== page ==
Japanese protesters have held a rally in front of the American Camp Schwab marine corps camp on the island of Okinawa in protest at a planned relocation of yet another US military facility to the area.
Demonstrators lined the road leading to the marine base in Henoko area near Nago City on Thursday, chanting slogans against the plans and holding placards decrying the US military presence.
“Marines out!” and “Stop illegal work,” the placards read.
According to the relocation plan, an air base will be built in the waters off the coast from Camp Schwab over the next five years as part of the relocation of the Futenma Air Station to the Henoko area.
Local residents and Okinawa Governor Takeshi Onaga have continued to express their opposition since the plan was announced.
On Tuesday, Okinawa Prefectural Assembly committee passed a resolution, demanding legal action against the base’s relocation. The entire assembly is expected to vote on the issue on Friday, laying the groundwork for legal action against the Japanese government for pushing through the project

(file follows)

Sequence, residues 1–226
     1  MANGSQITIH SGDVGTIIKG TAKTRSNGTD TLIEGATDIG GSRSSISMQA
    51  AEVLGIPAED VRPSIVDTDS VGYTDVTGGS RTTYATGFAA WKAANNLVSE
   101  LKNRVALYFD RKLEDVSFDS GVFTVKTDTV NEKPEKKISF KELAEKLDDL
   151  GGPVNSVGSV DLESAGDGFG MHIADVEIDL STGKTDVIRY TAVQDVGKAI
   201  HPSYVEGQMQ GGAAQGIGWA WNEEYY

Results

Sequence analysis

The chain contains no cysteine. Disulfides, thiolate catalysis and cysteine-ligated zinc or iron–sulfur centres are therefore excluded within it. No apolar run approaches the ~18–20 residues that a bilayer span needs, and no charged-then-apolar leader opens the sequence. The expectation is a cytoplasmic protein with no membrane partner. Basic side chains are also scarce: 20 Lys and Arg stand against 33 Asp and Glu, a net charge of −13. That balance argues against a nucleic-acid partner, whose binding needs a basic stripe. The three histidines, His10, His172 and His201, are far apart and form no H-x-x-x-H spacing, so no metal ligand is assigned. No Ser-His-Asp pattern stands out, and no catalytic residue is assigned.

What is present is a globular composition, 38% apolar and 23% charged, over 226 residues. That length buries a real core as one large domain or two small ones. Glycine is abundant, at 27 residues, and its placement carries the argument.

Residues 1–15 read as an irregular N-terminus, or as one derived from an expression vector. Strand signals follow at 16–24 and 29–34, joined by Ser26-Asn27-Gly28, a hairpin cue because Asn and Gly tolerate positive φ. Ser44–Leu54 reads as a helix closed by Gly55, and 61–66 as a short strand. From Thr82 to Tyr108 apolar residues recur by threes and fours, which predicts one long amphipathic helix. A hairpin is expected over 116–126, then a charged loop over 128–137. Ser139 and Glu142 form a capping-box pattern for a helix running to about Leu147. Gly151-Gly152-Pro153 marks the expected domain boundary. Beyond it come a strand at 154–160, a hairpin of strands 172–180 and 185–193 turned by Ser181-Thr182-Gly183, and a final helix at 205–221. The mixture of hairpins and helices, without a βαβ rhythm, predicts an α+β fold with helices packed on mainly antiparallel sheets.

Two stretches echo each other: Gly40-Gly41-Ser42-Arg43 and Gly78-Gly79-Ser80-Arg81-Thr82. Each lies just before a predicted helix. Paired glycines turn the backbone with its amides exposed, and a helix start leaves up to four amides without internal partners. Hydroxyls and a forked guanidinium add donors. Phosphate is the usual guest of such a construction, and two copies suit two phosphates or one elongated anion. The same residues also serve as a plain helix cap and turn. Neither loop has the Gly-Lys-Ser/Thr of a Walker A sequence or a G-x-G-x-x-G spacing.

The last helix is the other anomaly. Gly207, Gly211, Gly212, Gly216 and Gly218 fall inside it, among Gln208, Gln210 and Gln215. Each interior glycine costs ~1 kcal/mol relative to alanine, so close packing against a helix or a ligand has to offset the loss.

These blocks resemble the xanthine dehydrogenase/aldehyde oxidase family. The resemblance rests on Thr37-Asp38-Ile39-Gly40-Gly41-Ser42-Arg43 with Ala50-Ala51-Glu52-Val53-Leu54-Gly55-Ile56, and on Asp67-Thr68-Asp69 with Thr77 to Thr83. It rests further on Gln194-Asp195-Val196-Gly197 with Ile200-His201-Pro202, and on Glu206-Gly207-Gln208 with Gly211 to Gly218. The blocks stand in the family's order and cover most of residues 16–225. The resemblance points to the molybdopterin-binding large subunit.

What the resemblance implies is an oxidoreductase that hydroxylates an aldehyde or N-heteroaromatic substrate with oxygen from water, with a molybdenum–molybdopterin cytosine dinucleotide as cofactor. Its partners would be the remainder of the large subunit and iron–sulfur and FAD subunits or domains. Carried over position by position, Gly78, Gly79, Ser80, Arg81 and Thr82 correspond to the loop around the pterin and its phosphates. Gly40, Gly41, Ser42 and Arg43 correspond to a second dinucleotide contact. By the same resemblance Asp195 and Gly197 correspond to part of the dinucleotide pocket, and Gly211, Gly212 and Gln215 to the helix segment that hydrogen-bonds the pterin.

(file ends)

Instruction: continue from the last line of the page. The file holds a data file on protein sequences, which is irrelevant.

The photo taken from a video report shows Japanese protesters in front of Camp Schwab US Marine Base on the island of Okinawa on July 13, 2017, in protest at a planned relocation of a US air base to the area.
According to US Forces Japan, nearly half of 100,000 US troops in Japan reside in Okinawa.
Okinawa has become known as a source of enduring concern for the Japanese people. Pacifist inclinations as well as security and safety concerns have prompted the Japanese to protest against the US military presence in Japan from time to time.
Multiple cases of misconduct by US forces have also raised anti-American sentiment among the islanders.
In April 2016, a US Marine murdered Rina Shimabukuro in Okinawa. The 20-year-old victim, who worked at the base, was raped, struck in the head, and stabbed on her way back home.
Back in 2013, two American sailors admitted to raping another woman in Okinawa in the previous year in a case that sparked massive protests.
In 1995, the abduction and rape of a 12-year-old girl by three US servicemen also triggered huge protests, prompting Washington to pledge efforts to strengthen troop discipline to prevent such crimes and reduce US footprint on the island.

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